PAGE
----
Tools CHIPS' ARC principle for crossings

CHIPS' ARC principle for crossings
CHIPS recommended
Tool provider
CHIPS consortium Joris Van Damme
Readability tool main characteristics
CHIPS' ARC principle for crossings
Does the readability tool encompass a certain location?
To whom is the tool primarily directed?
New user (e.g. someone who wants to try it)
Readability tool branding strategy
Is the tool related to
Other mobility product

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Readability tool description
Readability tool description

Decision points

Once you enter a cycle highway you know you just have to cycle straight forward.  A cycle highway route however is not always a straight and self-explaining line of infrastructure between A and B. At certain points cycling are confronted with intersections. How does a cyclist know that he or she has to cycle straight forward on a crossing? On these kind of decision points specific guidance is needed to help the cyclist in the right direction. 

Self-explaining cycle highways ideally have a clear route-alignment and self-explaining infrastructure that limits the number of decision points and wayfinding tools. But cycle highways are also the backbone of the local cycle network and need to have intersections to improve the connections. On these intersections the cyclist needs tools to help him or her take the right decision. 

ARC principle 

The CHIPS consortium recommends to apply the ARC-wayfinding principle on important decision points like a change of direction or a crossing. By applying this principle consequently in both situations, you provide a consequent uniformity for the user. The ARC-principle consists of three steps: 

  1. Announce before the intersection the decision the cyclist needs to take. This can be done 50 meters before the decision point (see f.i. readability tools in Flanders).  By using a direction sign that is well visible in advance (before approaching an intersection), users are prepared and do not have to stop to find their way or make surprise maneuvers because they spotted a sign in the last moment. Crossings are often a place of interaction between users, so the cyclist needs to know the direction in advance to be able to signal their intentions and focus on observation of other users.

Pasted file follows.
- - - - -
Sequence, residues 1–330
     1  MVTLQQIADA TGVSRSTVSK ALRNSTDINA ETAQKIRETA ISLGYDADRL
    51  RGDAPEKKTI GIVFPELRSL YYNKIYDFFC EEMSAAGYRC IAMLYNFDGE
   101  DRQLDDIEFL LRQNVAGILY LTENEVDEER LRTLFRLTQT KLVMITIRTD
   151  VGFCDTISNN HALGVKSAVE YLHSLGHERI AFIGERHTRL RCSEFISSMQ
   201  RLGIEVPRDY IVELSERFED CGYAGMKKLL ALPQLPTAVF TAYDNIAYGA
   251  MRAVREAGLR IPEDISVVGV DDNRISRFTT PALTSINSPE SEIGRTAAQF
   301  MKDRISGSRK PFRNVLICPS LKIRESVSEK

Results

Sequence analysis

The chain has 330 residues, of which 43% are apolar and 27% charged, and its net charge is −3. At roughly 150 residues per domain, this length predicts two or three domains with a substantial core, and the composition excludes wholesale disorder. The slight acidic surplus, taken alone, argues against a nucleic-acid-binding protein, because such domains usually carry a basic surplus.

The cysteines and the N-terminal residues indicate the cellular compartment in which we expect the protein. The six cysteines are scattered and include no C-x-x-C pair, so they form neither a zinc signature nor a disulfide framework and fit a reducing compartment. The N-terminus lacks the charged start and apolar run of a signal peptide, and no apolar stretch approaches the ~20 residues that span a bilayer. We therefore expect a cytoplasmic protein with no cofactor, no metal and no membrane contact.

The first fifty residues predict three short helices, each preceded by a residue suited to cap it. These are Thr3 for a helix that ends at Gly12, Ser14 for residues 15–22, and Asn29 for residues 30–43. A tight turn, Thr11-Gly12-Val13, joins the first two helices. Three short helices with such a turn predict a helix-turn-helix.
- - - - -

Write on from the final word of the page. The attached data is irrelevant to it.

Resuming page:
2. (Re)direct on the decision point. This wayfinding tool helps the cyclist to take the right decision (f.i. take the crossing straight forward). This second step is crucial when there is a change of direction, but it is also helpful when you have to cycle straight forward on a crossing. Without the announcement before (step 1), a new cyclist will need more time and effort to assess the situation and the chance for errors will increase. The first step improves the efficiency of the second step. 
  3. Confirm after the decision point that the cyclist is right. This is at the same time an error strategy.

Confirmation signs after a crossing or intersection might seem redundant, but this confirmation improves the general route identification and can also be part of an error strategy. You know you are wrong when you don't get a confirmation and this early detection of an error enables you to correct fast. Redundancy in signposting is also good for another reason.  Users need to get in touch with the identity/brand. Redundancy improves the route identification and makes the wayfinding system more robust. From time to time signs go missing, are obscured by overgrown vegetation, vandalized or turned in the wrong direction. 

Browse the toolbox for specific examples of the ARC-principle in Belgium, Denmark, The Netherlands...

Comparing ARC-principle for crossings in Flanders and region of Copenhagen:

  • Flanders: A,R, C  - Copenhagen: no A, only R and C
  • Flanders: signpost for A & R, logo marking on the pavement for C
  • Copenhagen: sometimes only smaller markings on the ground (R: arrow, C: logo)
  • Flanders: cycle highway code (F-number), destination and distances on the signposts A & R
  • Copenhagen: no cycle highway code (C-number), nor destination and distances (see slides)    
  • The principle is based on best practices and lessons learned from Belgium, Danmark and the Netherlands. The principle is used on the F3 pilot and suveys show a high statisfaction.
  • Surveys show that the announcement step before the decision point helps safe and smooth decision making on the crossings. Most cyclists prefer to have information before the decision point.
  • The confirmation step provides an error strategy and improves at the same time route identification.
  • Robust system that can keep on functioning when one of the elements is missing.
  • The principle improves the safety and predictability on the cycle highway.
  • The 3 steps have the implication that more tools are used with a higher (maintanance) cost.

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